Great Business Ideas: Balancing core and the context

Great Small Business Ideas to Start: Balancing core and the context

Core activities are the unique skills that differentiate an organization from its competitors and persuade customers of its superiority. Context activities are the processes needed to meet the industry standard, without surpassing it. Getting the balance right between the two is essential for keeping focused on the right things—it is surprisingly tricky.

The idea

Core activities are known as business idea factors, while context activities refer to hygiene factors. For example, a core activity for Microsoft might be its ability to develop new software, whereas context (hygiene) factors include its ability to process orders and dispatch products. Both are vital, but only one (the core) is where the real value of the business lies.

Shareholders typically want to concentrate on core activities, as these tend to raise share prices. Also, it is possible for businesses to become too involved in the hassle of context activities and lose focus on what differentiates them. Catering to context activities is vital for remaining in a market, while focusing on core activities grows business and increases competitive advantage.

Business strategist Geoffrey Moore recommends balancing core and context by outsourcing or automating context activities. In this way, you can ensure context activities are being handled competently, are cost-effective, and are enjoying the economies of scale of a specialist company. Another benefit is the ability to devote increased investment to gaining a competitive edge within your market.

Many companies, including Cisco, Dell, General Motors, IBM, and Kodak, have outsourced their context processes to allow their organizations to cope with both core and context demands. Sabrix, a leading provider of software for managing taxation, outsourced context processes, with company president and CEO Steve Adams stating: “Outsourcing human resources and parts of our financial IT system has allowed us to keep the right people focused on the right things—things that differentiate our company.” Instead of devoting key employees to working in IT and HR infrastructure, Sabrix was able to focus talented employees on reaching new levels in tax research, software development, and customer support: the core activities for Sabrix.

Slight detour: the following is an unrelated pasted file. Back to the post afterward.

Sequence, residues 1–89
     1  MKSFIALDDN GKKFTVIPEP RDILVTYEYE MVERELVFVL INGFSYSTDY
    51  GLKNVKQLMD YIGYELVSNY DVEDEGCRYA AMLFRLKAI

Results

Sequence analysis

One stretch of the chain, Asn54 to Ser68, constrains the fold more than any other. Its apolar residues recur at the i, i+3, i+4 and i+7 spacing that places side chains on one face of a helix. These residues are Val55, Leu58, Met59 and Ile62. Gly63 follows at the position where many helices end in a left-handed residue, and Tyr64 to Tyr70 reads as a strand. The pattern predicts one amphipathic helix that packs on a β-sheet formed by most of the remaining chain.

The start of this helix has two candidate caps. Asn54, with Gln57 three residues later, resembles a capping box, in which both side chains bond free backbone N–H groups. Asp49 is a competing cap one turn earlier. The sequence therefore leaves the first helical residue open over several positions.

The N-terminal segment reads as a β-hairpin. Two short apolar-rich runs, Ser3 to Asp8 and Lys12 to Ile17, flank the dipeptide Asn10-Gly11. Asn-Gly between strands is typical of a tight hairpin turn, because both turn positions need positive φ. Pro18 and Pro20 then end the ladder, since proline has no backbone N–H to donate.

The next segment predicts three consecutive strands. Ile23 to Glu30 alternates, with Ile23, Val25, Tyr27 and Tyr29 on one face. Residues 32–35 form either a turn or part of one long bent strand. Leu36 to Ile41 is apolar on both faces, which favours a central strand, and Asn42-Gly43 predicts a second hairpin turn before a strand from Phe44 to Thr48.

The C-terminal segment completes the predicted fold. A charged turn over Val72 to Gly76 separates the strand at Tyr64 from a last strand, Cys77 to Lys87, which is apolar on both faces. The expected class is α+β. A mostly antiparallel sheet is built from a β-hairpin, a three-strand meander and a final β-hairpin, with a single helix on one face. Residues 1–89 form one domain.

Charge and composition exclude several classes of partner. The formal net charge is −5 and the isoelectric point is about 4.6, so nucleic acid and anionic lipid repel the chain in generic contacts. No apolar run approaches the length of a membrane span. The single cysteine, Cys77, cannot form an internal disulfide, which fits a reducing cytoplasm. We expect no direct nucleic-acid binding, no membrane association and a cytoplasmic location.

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In practice

  • Be clear about what is core and what is context. Recognize that some of these activities might be dynamic, moving between categories.
  • Be prepared to overcome possible resistance to outsourcing initiatives and the rearranging of managerial responsibility.
  • Delegate core activities from top management to middle management, as they will have a better view of market trends. By delegating responsibility to different parties, you can ensure that no level within the organization becomes overwhelmed.
  • Encourage top-level support to outsourcing and managing context activities.